Is the Home-Selling Gold Rush Over?

( – US home prices have declined for the first time in an entire decade under a critical measurement, the S&P CoreLogic Case-Shiller National Home Price Index.

A 0.2% drop in US home prices was registered in July compared with June on a seasonally adjusted basis, according to the Index, The Wall Street Journal reported, as cited by Newsmax.

The decline in home prices on a month-on-month basis is 0.3%, the first decline since January 2019.

At the same time, though, the national index was still higher annually. In the year ending in July, it increased by 15.8%.

The increase was lower compared with June, when the 12-month surge in home prices stood at 18.1%.

“July’s report reflects a forceful deceleration,” commented Craig Lazzara, managing director of S&P Dow Jones Indices. “

“As the Federal Reserve continues to move interest rates upward, mortgage financing has become more expensive,” he added.

Meanwhile, data from the Mortgage Bankers Association (MBA) showed on Wednesday that the average interest rate on the 30-year mortgage has shot up to 6.52%.

That is the highest level of the most popular home loan in America since August 2008.

The report pointed out that the rising mortgage rates are affecting more and more the housing sector, which is sensitive to the interest rates.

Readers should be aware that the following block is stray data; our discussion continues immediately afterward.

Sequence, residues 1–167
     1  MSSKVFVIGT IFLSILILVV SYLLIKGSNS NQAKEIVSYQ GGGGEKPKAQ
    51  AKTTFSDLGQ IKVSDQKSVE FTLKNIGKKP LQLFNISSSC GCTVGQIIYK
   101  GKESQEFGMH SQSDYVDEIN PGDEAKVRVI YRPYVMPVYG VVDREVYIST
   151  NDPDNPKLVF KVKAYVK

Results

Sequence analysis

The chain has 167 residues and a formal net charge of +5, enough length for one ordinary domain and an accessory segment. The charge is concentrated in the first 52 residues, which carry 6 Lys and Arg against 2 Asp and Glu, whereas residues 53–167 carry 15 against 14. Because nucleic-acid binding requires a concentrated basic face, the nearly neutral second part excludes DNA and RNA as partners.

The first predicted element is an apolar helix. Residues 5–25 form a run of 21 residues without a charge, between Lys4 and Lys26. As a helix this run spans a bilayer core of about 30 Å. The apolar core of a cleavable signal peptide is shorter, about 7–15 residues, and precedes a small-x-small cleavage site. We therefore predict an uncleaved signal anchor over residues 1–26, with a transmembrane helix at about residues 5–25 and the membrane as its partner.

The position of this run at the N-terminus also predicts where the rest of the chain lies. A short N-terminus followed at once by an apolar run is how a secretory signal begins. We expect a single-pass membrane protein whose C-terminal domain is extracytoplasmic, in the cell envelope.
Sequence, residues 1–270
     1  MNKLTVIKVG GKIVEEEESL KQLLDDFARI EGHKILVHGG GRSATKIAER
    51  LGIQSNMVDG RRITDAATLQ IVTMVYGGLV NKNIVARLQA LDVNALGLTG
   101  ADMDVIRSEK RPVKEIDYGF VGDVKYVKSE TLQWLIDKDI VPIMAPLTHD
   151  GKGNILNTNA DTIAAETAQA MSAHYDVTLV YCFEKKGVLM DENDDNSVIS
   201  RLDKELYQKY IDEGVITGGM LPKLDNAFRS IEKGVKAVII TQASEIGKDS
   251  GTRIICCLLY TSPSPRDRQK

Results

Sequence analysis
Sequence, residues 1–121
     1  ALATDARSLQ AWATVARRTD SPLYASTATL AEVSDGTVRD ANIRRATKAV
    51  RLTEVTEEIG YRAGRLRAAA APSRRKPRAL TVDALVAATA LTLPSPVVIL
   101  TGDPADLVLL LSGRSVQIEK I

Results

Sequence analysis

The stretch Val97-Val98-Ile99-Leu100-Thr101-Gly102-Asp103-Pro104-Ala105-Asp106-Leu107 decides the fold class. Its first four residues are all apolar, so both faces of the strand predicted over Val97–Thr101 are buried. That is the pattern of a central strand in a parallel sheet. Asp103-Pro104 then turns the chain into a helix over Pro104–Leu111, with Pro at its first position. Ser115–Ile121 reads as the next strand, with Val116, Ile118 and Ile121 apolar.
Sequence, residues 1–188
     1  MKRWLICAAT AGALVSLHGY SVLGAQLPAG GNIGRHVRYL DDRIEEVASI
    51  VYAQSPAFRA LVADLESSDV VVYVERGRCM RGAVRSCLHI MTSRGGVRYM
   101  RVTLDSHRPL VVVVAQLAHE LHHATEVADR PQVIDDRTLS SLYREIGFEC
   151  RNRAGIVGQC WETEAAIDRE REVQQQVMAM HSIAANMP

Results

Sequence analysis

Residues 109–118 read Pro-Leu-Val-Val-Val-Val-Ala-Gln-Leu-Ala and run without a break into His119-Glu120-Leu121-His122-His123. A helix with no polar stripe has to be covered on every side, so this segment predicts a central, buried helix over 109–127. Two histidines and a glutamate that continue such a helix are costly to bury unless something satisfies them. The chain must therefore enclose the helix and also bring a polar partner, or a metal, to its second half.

Further developments in that direction are expected as the Fed is taking “aggressive measures” to increase borrowing costs to bring down the sky-high inflation.

The 27-basis-point increase of the 30-year fixed-rate mortgage’s average contact rate registered at the end of last week stands at a level unprecedented in the past 14 years, i.e., since the 2008 Global Financial Crisis and the Great Depression.

“As the Federal Reserve continues to increase the fed funds rate which banks use as a guideline for the interest rates they charge on key banking products, most notable of which is mortgages, home ownership is expected to become much less affordable,” the Wall Street Journal noted.

“The Fed hopes a deliberate slowdown in the housing market will help stanch inflation,” the report added.

In June of this year, the housing-affordability index of the National Association of Realtors fell to its lowest since June 1989.